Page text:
I had heard that Legends (a gay night club in Pretoria) had moved to No. 1 Parliament Street, near Church Square in Pretoria. To think a gay club could operate openly in such a previously staunch symbol of Afrikaaner power shows just how things have changed in South Africa! The Theatre was built in 1931 and has no presence to speak of from the outside. But inside it is a marvel of over the top design with huge false columns and a remarkable arched concrete roof to give the impression of an open sky (not dis-similar to some newly constructed very kitsch casinos in Gauteng) and depicts the Roman Capitol. Unfortunately I wasn't allowed to take my camera into the club...but I found the place fascinating. It last operated as a cinema in 1974 and has been empty since, except as a car park during the day! (And now a gay night club by night!).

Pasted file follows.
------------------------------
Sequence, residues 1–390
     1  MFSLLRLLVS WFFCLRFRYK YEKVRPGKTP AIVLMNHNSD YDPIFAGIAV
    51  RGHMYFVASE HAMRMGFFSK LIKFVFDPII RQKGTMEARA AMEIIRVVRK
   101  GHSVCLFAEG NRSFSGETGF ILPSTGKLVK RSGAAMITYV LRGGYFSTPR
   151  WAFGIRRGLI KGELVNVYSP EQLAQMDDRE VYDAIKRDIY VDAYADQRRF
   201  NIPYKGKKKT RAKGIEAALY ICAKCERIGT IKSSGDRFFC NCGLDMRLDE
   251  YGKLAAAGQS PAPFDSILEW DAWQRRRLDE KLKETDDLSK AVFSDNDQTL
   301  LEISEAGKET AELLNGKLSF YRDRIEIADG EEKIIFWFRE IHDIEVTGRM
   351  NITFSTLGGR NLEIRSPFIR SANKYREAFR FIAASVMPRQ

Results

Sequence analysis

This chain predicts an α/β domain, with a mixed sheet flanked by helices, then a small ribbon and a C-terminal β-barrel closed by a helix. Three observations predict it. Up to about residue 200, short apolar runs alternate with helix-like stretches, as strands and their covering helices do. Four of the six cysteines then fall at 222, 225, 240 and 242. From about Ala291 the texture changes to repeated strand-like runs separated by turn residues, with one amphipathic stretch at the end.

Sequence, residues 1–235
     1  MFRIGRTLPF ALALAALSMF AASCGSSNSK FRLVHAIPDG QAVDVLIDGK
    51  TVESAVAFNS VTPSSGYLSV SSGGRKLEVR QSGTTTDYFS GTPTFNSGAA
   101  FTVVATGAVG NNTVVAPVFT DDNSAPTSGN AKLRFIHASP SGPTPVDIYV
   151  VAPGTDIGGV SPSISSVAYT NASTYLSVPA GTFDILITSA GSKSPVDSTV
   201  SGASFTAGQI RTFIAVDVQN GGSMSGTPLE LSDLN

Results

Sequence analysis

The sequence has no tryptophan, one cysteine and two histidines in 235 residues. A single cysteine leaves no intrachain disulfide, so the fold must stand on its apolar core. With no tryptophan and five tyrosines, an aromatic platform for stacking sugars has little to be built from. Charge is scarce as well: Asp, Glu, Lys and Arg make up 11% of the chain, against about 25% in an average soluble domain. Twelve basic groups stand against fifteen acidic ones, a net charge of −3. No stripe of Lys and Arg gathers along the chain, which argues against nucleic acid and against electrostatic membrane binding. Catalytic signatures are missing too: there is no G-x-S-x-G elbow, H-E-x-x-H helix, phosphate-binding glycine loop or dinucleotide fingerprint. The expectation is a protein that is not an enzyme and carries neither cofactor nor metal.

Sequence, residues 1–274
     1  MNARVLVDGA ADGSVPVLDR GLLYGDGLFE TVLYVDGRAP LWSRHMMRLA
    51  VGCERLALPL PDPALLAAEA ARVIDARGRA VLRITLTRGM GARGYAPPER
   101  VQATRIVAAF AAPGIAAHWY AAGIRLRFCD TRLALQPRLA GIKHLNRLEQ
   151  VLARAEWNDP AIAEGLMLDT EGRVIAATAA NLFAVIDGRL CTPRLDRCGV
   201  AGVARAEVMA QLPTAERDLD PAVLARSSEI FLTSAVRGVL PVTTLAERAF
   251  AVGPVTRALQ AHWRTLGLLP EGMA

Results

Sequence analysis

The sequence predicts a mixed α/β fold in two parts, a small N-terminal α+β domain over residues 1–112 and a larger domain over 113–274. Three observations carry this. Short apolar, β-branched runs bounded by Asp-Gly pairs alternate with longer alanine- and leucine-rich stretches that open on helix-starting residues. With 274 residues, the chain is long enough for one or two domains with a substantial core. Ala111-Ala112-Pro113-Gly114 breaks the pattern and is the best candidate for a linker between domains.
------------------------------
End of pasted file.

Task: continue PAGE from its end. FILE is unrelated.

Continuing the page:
It was designed by PR Cooke.
COOKE, Percy Rogers
Born: 1880 05 26
Died: 1958 05 14